Publisher Broadman & Holman
This book appears in the following featured collections.
- First Commentary Set by Brian LeStourgeon
- Tremper Longman's 5-Star Commentaries by Tremper Longman III
- Ultimate Commentary Collection: OT Expositional by John Glynn
- Basic Library Booklist by Detriot Baptist Theological Seminary
- Building an OT Commentary Library by Invitation to Biblical Interpretation (Kostenberger & Patterson)
As with several previous books of the Bible, the first choice is quite clear while others are a little more difficult to figure out. Still, the experts regard Cole as an excellent option after Wenham. It is one of the few volumes that receives Tremper Longman’s 5-star rating. He calls it a “substantial, well-written commentary that navigates the scholarly literature well, incorporating what is good and rejecting what is bad, while still keeping its individual contribution.” He says its greatest strength is “in its sensitive theological reading.” That is high praise! [Full Review]
The NAC by R. Dennis Cole (2000) is more recent than Ashley's NICNT, but I've heard more mixed reviews. Cole interacts with the scholarship a little more than some volumes in this series, giving plenty of citations of other authors. He argues that Moses is largely responsible for the book. Cole has received favorable comments from reviewers on his handling of theological issues and his analysis of the unified structure of Numbers despite the variety of material in the book. Some of his critics find him somewhat less helpful in biblical theology and narrative criticism. He sometimes spends time on literary observations without making any connection to the interpretation of the book or its theology. Some reviewers consider Cole a better first-choice evangelical commentary than Ashley. Cole does have some stronger points than Ashley, but Ashley is a bit more detailed (although some might prefer a little less detail). What clinches it for me is that I haven't seen the kinds of complaints about Ashley that I've seen about Cole, and thus Ashley gets the nod for my first choice. [Full Review]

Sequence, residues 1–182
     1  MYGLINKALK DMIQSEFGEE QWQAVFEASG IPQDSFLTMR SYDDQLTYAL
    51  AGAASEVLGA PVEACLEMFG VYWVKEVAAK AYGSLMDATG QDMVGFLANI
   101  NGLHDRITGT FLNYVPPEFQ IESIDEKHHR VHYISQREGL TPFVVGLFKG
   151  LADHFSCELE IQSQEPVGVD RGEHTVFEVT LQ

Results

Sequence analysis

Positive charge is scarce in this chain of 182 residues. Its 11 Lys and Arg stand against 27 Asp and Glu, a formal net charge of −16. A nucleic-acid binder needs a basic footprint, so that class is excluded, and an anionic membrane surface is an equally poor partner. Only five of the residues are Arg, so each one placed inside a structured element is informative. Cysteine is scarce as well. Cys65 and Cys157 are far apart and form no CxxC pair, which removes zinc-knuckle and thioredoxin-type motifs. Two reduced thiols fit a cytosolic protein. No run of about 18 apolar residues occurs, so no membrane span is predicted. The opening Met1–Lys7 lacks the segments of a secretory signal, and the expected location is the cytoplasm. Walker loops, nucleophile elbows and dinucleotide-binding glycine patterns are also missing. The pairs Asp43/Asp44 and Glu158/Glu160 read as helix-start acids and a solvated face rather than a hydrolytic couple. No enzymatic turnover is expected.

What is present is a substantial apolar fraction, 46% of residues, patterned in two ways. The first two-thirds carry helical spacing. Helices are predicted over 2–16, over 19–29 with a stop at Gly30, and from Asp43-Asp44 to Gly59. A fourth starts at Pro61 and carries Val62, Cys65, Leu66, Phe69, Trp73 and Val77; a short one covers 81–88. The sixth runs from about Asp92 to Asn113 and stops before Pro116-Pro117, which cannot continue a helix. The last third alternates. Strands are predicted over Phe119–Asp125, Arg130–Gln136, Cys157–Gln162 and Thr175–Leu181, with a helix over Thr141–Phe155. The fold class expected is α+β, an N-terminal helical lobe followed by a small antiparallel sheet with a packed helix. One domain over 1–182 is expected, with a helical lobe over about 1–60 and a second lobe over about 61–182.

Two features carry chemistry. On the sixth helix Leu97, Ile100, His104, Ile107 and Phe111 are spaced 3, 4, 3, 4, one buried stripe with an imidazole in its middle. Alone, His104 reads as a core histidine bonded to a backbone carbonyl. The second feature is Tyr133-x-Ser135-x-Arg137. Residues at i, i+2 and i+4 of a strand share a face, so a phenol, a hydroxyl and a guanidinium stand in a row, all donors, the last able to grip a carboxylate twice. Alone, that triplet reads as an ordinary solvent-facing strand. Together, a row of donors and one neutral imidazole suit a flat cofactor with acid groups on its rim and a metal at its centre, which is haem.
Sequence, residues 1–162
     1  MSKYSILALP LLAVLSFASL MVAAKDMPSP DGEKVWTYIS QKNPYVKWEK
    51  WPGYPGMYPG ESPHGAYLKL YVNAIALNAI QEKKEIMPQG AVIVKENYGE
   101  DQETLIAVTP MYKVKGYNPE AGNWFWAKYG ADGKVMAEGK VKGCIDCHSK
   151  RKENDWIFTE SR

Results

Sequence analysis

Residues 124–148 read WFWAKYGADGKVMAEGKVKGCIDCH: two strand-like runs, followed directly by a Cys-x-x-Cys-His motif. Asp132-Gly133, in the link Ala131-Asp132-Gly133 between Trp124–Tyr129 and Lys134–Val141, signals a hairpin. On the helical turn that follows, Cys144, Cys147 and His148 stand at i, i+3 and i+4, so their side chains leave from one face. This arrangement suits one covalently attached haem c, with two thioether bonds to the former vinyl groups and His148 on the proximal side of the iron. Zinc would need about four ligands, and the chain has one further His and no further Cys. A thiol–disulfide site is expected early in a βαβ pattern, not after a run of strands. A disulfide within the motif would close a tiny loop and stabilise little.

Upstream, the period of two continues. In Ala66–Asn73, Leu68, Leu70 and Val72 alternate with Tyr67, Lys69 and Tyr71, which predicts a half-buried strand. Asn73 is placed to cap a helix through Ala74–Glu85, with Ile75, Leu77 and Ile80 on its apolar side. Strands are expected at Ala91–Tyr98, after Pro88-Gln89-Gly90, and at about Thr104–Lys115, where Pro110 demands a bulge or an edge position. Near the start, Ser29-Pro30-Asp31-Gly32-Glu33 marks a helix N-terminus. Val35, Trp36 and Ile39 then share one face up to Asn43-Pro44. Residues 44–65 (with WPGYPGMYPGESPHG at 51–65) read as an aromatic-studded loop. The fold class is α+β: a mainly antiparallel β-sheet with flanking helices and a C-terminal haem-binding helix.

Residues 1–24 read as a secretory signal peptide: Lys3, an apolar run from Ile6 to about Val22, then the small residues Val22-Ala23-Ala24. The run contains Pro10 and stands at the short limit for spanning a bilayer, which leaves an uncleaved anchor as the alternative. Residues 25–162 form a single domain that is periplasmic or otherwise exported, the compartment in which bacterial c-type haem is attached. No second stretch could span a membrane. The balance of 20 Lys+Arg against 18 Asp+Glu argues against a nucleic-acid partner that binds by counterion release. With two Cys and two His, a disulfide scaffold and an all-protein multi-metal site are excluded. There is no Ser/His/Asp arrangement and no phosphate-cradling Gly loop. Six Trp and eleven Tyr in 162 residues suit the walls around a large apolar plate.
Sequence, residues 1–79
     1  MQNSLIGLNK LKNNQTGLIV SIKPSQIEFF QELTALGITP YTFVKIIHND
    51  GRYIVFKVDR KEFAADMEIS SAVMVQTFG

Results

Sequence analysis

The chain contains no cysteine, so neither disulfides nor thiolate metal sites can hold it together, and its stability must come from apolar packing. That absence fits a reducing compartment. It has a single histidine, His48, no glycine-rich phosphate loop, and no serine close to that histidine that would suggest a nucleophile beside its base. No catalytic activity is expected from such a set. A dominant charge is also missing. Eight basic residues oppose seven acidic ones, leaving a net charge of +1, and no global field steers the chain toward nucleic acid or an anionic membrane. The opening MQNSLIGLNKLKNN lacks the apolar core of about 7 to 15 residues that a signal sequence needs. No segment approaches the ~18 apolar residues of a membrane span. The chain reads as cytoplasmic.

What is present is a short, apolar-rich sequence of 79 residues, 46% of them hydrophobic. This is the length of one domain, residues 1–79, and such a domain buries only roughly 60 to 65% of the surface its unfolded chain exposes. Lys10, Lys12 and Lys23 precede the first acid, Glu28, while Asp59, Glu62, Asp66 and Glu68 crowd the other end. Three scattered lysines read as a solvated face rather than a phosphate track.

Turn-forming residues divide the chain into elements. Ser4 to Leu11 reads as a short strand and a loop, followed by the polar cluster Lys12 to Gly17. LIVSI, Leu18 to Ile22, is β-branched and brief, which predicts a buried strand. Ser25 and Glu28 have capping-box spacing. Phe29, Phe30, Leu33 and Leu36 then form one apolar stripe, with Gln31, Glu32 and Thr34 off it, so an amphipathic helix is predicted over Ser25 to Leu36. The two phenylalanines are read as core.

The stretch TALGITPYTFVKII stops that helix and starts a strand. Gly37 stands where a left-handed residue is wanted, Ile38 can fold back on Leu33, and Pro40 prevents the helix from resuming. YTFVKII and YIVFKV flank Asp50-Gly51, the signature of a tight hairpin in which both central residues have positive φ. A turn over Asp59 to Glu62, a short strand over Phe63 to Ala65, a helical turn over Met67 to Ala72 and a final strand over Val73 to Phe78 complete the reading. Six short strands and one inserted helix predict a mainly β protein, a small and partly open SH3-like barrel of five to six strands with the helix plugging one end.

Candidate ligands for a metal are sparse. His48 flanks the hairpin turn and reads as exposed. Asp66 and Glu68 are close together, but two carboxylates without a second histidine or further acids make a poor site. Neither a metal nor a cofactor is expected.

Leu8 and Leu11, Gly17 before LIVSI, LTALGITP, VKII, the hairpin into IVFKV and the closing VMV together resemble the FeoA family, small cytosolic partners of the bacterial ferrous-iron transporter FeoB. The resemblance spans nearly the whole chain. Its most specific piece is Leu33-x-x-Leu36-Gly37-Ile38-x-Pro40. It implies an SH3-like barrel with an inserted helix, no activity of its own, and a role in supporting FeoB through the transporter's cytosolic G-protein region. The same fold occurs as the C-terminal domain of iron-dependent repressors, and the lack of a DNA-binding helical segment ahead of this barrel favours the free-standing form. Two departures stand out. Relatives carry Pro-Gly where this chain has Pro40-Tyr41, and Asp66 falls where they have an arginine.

Cole is semi-technical exposition. Ashley (NICOT, 1993) is semi-expositional technical. They are about the same for my use. You would be happy with either one.
The argument could be made that Cole's commentary belongs in the second position before Ashley. Both are very helpful works, and each has its own contribution to make. A pastor or student engaged in serious study of Numbers should consult both. [Full Review]
Evangelical commentary that interacts with realia, historical issues, literary, and theological matters. [Full Review]